This is a picture of a coin that were are often asked about. It’s a single metal £2 coin. They were produced between 1986-96 and although they were supposedly for circulation you rarely saw one and they didn’t really catch on. They were replaced by the bimetallic type, originally planned for 1997, but not actually released until 1998.
We often get phone calls from people, who think they have a rarity because they have never seen one of the older sort. This is easily explained by the fact that the old type is at least 26 years old and even then you would need a good memory fro a coin you rarely saw.
However, I cannot explain the fixation some people have for the “solid gold” version. They ring up, they tell us they have the solid gold version, they won’t accept that it is extremely unlikely and they invariably demand that we tell them where to go to get it confirmed. The truth is that there were very few of the gold proof versions made. They were expensive and it’s unlikely that anyone ever took them out of their box, threw the certificate away and spent it as a £2 coin.
There were millions of them minted. Mintage figures for the 1995 Dove of Peace coin is 4,391,248. Mintage for the gold version is 1,000. So, even if all things were equal, the odds are 4,391 to 1 against it being a gold coin. If you allow for the fact that it is extremely unlikely that any were taken out of their packaging (let’s say this happened to 10 of them – bearing in mind they cost about £1.000 and people are going to be careful with them) the chances are 439,125 to 1 against it being a gold coin.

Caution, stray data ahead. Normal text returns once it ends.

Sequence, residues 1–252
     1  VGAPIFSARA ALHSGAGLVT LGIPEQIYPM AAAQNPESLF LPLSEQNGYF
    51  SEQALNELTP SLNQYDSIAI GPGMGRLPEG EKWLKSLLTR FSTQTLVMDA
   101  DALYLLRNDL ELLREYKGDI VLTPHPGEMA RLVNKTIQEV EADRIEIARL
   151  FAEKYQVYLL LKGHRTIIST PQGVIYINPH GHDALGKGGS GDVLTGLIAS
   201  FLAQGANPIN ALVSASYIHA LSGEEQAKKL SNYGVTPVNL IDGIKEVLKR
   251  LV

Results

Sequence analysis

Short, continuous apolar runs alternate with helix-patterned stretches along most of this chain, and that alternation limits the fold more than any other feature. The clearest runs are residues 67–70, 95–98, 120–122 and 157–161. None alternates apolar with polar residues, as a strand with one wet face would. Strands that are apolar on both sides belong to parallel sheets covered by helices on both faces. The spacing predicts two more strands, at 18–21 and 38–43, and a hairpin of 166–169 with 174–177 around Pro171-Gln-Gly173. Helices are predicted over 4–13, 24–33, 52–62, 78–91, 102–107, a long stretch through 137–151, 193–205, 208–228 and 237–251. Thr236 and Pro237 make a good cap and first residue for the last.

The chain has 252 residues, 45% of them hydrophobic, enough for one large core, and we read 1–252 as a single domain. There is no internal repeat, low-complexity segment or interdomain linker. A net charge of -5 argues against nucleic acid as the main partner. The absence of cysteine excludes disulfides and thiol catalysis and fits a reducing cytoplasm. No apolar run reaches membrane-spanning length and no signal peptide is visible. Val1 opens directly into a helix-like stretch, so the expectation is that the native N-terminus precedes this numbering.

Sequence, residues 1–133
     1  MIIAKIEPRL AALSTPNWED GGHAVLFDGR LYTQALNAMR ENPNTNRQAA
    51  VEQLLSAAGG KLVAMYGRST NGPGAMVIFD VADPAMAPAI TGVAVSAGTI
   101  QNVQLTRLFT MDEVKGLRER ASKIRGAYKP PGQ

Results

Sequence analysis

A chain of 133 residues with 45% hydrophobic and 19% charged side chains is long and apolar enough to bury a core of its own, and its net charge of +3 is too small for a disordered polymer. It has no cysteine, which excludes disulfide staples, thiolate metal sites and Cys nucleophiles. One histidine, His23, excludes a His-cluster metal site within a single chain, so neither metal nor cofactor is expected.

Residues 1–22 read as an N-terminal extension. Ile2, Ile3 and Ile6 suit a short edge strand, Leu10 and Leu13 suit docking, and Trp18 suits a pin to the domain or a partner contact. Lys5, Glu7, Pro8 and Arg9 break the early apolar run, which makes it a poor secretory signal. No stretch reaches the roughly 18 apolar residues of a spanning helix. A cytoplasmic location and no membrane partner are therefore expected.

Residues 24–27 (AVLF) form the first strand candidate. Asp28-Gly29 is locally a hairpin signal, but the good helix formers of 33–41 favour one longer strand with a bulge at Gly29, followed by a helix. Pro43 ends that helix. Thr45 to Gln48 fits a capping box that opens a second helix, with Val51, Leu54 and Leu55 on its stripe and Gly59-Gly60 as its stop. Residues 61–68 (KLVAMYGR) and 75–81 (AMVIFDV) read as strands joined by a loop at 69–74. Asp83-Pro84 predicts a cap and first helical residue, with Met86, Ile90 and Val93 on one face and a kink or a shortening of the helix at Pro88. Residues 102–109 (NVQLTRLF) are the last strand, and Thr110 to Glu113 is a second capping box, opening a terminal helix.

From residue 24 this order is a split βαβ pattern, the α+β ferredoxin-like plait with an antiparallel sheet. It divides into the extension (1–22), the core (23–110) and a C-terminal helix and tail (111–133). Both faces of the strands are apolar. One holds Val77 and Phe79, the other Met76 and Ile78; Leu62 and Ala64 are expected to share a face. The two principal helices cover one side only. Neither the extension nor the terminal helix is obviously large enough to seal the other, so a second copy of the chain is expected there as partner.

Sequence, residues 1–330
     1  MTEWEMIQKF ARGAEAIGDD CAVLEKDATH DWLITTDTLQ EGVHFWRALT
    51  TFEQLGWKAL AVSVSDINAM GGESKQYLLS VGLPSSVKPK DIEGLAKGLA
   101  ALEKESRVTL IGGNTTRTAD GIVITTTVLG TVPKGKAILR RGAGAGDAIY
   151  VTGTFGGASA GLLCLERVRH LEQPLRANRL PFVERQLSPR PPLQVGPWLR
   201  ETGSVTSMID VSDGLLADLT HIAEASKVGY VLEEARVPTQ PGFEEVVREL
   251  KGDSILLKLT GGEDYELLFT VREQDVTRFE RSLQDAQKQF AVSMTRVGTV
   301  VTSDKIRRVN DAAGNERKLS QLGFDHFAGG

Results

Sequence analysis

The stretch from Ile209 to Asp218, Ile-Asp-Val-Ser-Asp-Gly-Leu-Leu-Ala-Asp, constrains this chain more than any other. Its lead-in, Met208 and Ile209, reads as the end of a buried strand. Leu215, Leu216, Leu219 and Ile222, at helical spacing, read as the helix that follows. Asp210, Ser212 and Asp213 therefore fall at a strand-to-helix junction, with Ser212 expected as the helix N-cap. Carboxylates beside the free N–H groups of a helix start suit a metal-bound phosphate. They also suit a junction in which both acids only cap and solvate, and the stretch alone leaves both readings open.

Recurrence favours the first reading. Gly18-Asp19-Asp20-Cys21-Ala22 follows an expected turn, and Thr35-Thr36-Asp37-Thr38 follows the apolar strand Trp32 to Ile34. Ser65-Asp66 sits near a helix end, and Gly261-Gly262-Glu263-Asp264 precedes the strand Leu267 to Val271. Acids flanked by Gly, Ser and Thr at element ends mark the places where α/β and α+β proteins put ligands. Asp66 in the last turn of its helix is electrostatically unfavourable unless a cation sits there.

If I were to get one call a day about this, the chances are that I will die of old age several times over before someone rings with a loose gold coin.
However, this doesn’t stop people ringing, convinced that I’m an idiot because I don’t believe their brass coin is gold.
The coin in the picture is gold. It is, as you can see, in a plastic capsule inside a box, with a certificate. And, no, I don’t know why a coin with a mintage of 1,000 needs a numbered certificate with a number over 2,000, but I’ve seen it before
I would like to have one but only if it cost £2. An interesting post. There is more to the world of coins than I ever dreamed of.
We have, in the past, taken swaps, or entire collections of 50p coins in exchange for other coins, then put them in the till to use as change. It helps when people bring their “rare” coins in and we can show them a handful in the till. They do one for the Claim of Right but it is quite rare and expensive. The Bill of Rights, on the other hand, is common and one can be had for £2 if it is circulated. More special treatment for the Scots!
I agree with Tootlepedal. There seems to be much more to the world of coins and medallions than I ever would have guessed.
I tend to let a lot of it pass over my head. In a couple of years I can retire and forget all the stuff I don’t need to know. 🙂
I’ve always wondered about these special issues that we never see in circulation
It is a parallel universe Derrick, if you down the Black Hole of a Stephen Hawking 2019 50p piece you may never return . . .
I haven’t got one,
Thank you – the voice of sanity! 🙂